During these uncertain times, you may be feeling a little more anxious than usual. According to reports from two surveys conducted by The Harris Poll on behalf of the American Psychological Association (APA) in June 2020, more than 7 in 10 Americans (72%) say the future of our nation is a significant source of stress. For comparison, only 56% of Americans said the same in their 2019 and 2018 Stress in America surveys.1
In another national poll released by the American Psychiatric Association in March of this year, nearly half of Americans (48%) expressed anxiousness about the possibility of getting coronavirus. In addition, (57%) of American adults said they were concerned that the coronavirus will have a serious negative impact on their finances.2
If 2020 feels like the year that keeps on giving, and not in the ways you would like, you are probably feeling stressed out, overwhelmed, and exhausted. And this chronic stress can easily take a toll on both your physical and mental health.
For all of these reasons and more, it’s important to pay extra attention to your body these days and to give it extra support so you can stay healthy.
Learn some easy ways that you can cope and better manage stress and discover some herbs and herbal supplements that may also be able to help.*
Four Ways to Feel Calmer & Less Stressed
Increase Your Physical Activity
Regular exercise is one of the best and easiest changes you can make to help relieve stress and improve your energy levels.
It may sound counterintuitive, but there have been many clinical studies completed which have shown that regular exercise increases energy levels and improves fatigue, as compared to control groups that did not exercise.
Physical activity can also help lower your overall stress levels and have a positive effect on your mood. Exercise increases your brain’s production of endorphins (the “feel-good” neurotransmitters) that give you that feeling of euphoria after a workout.
Exercise can also take your mind off your worries. When you are working out, hiking, walking, or running, you are typically focused on the activity at hand, rather than your thoughts and feelings, so exercise can provide mental and emotional health benefits in addition to the physical ones.
Limit Screen Time
If you’ve turned on the TV lately or checked the latest news on your phone, you’re probably feeling even more stressed out than usual. Between election coverage, natural disasters, protests, and pandemic updates, we are overloaded with a steady stream of negative messages. This constant deluge of negativity can wear down even the most optimistic of people.
A 2018 study showed that after an hour of screen time per day, “…increasing screen time was generally linked to progressively lower psychological well-being.” In this same study, researchers also noted that “High users of screens were also significantly more likely to have been diagnosed with anxiety or depression.”3
To help relieve stress and anxiety, you should limit your screen time each day, and especially in the evening in the hours before you go to bed. You can replace this lost screen time with activities that help to reduce stress and add joy in your life, such as reading a great book, practicing yoga, or even taking a bubble bath.
Another concern with excess screen time is the blue light exposure. Blue light is the name for light with blue wavelengths and TVs, phones, and computers all emit blue light.
This blue light may be beneficial during daylight hours because it has been shown to boost attention. However, at nighttime, these lights can keep us awake and have been shown to impede sleep.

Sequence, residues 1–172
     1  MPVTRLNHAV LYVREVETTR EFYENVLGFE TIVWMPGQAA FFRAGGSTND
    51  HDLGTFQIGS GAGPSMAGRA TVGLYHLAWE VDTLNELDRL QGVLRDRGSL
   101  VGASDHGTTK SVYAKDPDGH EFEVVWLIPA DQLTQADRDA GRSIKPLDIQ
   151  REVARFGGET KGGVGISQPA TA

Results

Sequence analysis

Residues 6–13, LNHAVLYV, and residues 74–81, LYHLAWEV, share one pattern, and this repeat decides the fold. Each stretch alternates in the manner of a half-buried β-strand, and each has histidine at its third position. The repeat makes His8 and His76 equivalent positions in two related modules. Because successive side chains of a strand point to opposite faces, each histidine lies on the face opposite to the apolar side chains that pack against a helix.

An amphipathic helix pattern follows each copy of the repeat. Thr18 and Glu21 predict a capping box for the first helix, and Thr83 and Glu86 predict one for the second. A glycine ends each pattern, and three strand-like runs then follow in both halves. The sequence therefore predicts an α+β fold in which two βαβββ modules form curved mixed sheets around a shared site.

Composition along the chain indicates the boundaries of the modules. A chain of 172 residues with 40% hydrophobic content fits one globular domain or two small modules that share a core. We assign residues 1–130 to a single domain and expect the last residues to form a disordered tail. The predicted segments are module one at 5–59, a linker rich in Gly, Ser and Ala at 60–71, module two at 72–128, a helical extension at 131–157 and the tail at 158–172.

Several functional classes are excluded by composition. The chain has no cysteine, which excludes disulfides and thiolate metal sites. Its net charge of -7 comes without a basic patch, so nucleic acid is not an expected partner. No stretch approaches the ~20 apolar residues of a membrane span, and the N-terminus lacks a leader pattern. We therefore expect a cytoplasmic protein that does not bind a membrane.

You should limit exposure to blue light in the critical two hours right before bedtime, so your circadian rhythm is not affected. Your circadian rhythm is your body’s internal clock, according to Ayurveda, run by the master clock in your brain. An imbalance in your circadian rhythm may cause sleep disorders, such as insomnia, as well as obesity, diabetes, and seasonal affective disorder.4
We recommend starting with a small goal such as reducing your TV and screen time exposure by one hour per day before bedtime and then slowly decreasing your screen time even more over time. Your eyes and your mental health will thank you! And an extra bonus of this reduced screen time is that it may also improve your sleep quality so you will feel more energized and less tired.
Nurture Your Relationship with Nature
Have you heard of Forest Bathing? Forest Bathing is the act of immersing ourselves in a forest, leaving civilization behind and letting the sights, smells, and sounds of the forest wash over us. We're all familiar with how good a walk in the woods makes us feel, and now we have the science to explain why.
Forest Bathing provides many benefits including the stress reduction that occurs when we unplug, slow down, and connect with Nature. It has been shown to benefit our immune systems and our hearts.5
Fortunately, you don't have to spend a long weekend Forest Bathing for it to work its magic. Even a two-hour walk in the park or the countryside can decrease blood pressure and stress hormones.5
Add Herbal Support to Your Wellness Routine
In addition to the tips above, incorporating herbs into your daily routine can also provide your body extra support.* Below are a few of our favorite herbs and products to help you destress and cope during these troubled times.*
Physically & Emotionally Supportive Herbs
Resilience is defined as the capacity to recover quickly from difficulties and this word is often used to describe the body’s ability to withstand stress. However, in trying times, you may need some additional support to help prepare and protect your body from daily stressors, and this is where herbs can help.* Below are our favorite physically and emotionally supportive herbs: